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Total Eclipse

A solar eclipse will occur on Aug. 21, 2017, and for the first time since 1919, will be visible across the continental United States. The University of Florida is ready to gather for this unique event and its astronomy department is making available to the public its four 8-inch Meade telescopes fitted with safe solar filters.

To see the eclipse in its "total" form, one must be in the path of totality, which approximately spans South Carolina to Oregon in a diagonal swath. The sun will obscured for up to two minutes and 40 seconds, depending on where you stand in the path. For those in the path of totality, the effect is that someone turned out the light, and it's suggested that you bring a sweater.

Gainesville, Fla. is outside the path of totality (100% shadow), but will still experience 87 percent of the total effect. UF astronomer Peter Barnes will be at the Campus Teaching Observatory to answer questions; meanwhile, Professor Francisco Reyes will join the "EclipseMob," a team working at 28 stations across the path of totality, measuring how deionization during the eclipse will affect the galactic radio background.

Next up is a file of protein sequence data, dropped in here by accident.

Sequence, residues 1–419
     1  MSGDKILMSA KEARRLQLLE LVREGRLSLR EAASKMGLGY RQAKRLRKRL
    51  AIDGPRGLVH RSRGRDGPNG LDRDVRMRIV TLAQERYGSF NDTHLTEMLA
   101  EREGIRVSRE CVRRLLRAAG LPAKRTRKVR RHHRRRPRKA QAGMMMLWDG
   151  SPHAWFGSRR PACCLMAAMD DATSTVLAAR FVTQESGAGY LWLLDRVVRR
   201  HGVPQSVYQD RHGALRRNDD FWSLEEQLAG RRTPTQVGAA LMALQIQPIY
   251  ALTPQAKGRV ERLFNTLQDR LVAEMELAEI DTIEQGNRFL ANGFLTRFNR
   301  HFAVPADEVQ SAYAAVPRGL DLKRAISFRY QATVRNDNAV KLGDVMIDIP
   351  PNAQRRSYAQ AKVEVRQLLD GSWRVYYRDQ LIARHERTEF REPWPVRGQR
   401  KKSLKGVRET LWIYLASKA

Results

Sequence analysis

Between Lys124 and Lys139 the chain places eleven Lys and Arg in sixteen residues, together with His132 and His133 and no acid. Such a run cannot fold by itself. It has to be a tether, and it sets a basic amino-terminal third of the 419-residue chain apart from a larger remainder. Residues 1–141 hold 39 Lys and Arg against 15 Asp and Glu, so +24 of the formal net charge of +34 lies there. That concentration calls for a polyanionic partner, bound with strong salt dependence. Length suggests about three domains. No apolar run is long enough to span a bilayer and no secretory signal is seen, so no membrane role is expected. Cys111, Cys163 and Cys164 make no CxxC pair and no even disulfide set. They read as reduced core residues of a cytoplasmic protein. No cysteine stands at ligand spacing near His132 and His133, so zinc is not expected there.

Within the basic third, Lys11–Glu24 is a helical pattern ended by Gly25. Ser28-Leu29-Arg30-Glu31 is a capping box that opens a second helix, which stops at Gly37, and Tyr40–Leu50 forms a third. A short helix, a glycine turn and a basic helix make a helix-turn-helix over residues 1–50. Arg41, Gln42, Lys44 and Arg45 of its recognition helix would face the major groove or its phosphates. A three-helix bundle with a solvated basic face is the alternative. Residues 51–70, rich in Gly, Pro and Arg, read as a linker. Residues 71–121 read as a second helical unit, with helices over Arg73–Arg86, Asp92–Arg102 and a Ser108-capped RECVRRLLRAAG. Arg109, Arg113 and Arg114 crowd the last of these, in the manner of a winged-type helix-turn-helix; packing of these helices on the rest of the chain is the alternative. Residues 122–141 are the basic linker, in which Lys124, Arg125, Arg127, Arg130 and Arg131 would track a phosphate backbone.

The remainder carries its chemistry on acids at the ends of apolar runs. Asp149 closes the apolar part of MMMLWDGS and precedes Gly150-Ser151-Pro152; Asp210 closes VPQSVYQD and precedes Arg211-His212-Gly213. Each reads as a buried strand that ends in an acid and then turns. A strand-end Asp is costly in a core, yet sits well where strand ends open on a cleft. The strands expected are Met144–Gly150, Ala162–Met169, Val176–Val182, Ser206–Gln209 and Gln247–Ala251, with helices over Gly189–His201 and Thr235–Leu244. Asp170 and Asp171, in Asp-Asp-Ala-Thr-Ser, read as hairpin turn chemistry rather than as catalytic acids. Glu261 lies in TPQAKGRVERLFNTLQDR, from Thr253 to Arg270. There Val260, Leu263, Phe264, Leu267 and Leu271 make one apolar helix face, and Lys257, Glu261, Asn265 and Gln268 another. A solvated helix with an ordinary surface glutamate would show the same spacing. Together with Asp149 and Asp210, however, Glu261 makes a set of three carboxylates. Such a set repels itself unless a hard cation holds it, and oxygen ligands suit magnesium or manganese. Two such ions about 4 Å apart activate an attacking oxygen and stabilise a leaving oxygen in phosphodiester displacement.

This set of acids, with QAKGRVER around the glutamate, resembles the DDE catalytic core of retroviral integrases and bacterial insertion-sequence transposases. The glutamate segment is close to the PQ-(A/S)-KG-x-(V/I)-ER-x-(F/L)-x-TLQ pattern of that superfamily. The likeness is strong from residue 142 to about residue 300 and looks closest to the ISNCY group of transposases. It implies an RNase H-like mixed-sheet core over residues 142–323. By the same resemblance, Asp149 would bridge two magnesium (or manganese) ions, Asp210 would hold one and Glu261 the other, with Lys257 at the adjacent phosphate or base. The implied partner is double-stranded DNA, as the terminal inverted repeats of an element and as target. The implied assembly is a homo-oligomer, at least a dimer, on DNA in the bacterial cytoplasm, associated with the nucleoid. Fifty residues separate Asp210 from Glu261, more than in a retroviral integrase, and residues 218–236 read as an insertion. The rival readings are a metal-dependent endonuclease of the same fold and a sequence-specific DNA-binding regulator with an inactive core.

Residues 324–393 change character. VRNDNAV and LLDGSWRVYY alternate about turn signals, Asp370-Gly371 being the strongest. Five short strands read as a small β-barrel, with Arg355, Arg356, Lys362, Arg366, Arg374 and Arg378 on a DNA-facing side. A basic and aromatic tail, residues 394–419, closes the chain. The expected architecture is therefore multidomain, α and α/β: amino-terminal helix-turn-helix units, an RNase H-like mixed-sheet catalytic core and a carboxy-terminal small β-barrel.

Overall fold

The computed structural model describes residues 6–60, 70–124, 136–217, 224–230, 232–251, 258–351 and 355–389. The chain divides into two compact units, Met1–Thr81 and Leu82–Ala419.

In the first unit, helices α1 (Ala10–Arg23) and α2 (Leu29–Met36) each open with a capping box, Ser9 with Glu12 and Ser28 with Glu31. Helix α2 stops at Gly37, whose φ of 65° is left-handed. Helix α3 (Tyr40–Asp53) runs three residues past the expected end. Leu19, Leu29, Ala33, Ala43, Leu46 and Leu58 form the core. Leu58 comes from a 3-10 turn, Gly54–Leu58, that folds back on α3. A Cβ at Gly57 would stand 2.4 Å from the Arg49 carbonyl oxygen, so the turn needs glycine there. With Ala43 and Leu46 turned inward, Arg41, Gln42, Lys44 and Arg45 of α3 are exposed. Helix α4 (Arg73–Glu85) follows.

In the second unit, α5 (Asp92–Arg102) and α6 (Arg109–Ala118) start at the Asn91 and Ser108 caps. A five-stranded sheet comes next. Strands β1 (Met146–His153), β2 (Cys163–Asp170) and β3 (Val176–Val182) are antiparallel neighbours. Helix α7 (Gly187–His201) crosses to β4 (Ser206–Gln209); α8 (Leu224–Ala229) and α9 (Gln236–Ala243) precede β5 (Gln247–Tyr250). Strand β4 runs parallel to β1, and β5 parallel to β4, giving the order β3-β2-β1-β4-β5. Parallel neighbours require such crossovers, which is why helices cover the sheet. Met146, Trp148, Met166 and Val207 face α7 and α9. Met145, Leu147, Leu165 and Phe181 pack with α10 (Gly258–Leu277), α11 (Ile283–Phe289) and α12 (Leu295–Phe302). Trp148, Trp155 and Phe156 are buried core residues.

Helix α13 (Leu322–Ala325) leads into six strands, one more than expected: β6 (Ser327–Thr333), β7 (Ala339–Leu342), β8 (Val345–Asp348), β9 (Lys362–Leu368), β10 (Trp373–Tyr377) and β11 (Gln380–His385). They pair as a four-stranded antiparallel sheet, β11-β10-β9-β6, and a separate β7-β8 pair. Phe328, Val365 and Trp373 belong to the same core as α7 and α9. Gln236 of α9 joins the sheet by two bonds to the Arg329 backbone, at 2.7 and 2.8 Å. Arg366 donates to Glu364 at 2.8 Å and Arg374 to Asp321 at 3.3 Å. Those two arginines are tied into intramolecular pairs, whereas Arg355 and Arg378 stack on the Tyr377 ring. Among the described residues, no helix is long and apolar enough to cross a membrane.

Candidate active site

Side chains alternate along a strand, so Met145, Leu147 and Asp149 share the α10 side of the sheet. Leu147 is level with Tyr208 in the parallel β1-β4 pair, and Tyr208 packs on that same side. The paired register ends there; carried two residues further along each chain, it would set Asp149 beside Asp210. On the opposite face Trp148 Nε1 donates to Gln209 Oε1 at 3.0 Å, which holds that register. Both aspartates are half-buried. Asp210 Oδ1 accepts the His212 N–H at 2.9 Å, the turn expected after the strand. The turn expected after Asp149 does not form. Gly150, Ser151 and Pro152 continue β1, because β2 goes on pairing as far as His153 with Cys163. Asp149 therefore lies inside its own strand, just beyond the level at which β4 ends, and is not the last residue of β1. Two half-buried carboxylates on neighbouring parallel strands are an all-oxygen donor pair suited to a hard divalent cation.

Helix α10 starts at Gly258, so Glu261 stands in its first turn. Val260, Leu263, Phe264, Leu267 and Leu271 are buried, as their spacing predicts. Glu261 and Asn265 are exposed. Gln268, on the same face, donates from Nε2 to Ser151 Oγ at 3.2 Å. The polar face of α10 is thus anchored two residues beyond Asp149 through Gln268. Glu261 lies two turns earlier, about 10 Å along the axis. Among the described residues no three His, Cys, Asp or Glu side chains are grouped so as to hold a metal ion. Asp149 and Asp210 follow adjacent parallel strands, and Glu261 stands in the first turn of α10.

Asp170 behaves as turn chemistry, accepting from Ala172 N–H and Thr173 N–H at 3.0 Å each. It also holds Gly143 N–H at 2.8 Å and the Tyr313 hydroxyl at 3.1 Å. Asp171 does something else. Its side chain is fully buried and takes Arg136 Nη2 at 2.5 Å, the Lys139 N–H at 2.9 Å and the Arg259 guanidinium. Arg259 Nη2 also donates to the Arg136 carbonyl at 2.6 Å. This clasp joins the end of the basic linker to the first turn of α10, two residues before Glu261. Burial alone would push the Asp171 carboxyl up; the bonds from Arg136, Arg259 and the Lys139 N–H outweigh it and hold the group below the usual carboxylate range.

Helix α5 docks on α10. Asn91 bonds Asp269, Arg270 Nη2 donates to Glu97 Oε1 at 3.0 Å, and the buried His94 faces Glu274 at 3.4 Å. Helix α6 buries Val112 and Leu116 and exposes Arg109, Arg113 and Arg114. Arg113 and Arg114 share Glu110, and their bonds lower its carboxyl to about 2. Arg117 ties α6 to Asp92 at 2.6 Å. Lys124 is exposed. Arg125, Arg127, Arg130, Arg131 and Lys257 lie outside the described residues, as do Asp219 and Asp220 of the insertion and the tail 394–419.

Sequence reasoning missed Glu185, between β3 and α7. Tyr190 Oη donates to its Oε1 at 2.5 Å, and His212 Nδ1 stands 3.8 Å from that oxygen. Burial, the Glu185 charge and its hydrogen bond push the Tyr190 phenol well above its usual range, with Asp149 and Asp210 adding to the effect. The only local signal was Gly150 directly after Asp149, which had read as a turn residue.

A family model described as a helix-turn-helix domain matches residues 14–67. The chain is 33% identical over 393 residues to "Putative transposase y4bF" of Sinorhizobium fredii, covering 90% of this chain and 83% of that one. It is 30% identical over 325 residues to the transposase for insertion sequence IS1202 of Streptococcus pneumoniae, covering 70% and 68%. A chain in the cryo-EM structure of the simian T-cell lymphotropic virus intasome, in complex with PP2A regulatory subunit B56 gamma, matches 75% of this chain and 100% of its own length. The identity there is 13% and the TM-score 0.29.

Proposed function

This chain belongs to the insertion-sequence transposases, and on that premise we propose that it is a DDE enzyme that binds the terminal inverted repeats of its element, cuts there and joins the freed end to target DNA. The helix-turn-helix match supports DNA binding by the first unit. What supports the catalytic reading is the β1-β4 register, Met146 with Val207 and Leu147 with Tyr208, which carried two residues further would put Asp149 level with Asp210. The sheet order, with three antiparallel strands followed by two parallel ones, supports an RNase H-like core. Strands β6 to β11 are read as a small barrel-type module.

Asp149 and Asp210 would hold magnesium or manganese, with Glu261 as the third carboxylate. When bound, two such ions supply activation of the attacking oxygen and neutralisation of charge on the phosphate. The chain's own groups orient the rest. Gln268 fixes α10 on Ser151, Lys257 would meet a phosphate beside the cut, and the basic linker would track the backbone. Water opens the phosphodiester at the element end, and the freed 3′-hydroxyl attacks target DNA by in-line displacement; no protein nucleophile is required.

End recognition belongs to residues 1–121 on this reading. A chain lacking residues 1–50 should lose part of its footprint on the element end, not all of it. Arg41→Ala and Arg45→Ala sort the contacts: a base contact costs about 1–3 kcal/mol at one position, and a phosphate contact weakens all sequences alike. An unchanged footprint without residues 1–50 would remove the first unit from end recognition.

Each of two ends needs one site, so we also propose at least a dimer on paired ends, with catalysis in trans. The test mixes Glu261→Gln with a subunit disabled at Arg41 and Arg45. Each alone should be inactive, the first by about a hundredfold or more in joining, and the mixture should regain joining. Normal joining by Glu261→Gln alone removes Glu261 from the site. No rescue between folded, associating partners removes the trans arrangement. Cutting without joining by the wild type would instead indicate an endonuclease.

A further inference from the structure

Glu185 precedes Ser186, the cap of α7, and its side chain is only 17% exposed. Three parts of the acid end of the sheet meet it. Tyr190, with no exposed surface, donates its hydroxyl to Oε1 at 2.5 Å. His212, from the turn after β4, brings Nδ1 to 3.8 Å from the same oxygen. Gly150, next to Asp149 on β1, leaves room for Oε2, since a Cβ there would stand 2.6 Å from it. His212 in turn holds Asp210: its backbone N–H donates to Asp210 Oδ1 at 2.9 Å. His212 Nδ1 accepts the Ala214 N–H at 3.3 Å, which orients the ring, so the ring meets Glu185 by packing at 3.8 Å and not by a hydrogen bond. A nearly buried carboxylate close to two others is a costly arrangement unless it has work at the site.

by the numbers

14: Number of states in the path of totality in the 2017 eclipse.

67: Number of miles wide the path of totality will measure.

10:16: The time in the morning on the West Coast when the eclipse begins.

2:48: The time in the afternoon on the East Coast when the eclipse concludes.

1979: Last time a solar eclipse was visible in the U.S.

1919: Last time a solar eclipse was visible coast-to-coast.

375: Numbers of years between when any given spot is in the path of totality.

428: The duration in seconds of the longest eclipse in history (just over 7 minutes) in 1955.


See also:

Famous Solar Eclipses

Solar Eclipses of History

eclipse 101

There are two orbits at play in any eclipse involving our planet: Earth's orbit around the sun, and the Moon's orbit around Earth. When these orbits cross during "eclipse season" is when eclipses may occur. The orbital plane of the Moon is at a five-degree tilt relative to Earth's; if there were no tilt, there would be a lunar eclipse at every full moon, when the Earth is between the Sun and the Moon, and a solar eclipse at every new moon, when the Moon moves in between the Sun and the Earth.


Solar eclipses can only happen at or after a new moon, when the Moon and the Sun have the same ecliptical longitude, i.e. the same distance on the ecliptic from the point of the vernal equinox. This effectively means the Moon is close enough to intercepting the Sun and Earth that the Sun's light only shines on the Moon's side facing away from Earth. On rare occasions, the orbits actually do align, and a solar eclipse occurs.

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language, lines, and shadows

Between where the external lines of the Sun's light intersect with each other's inner lines is the "umbra" (from Latin for "shade,"), which effectively creates total blackout, or the totality of the eclipse. The outside part of the shadow is the "penumbra," with the Latin prefix "pen-" meaning "almost."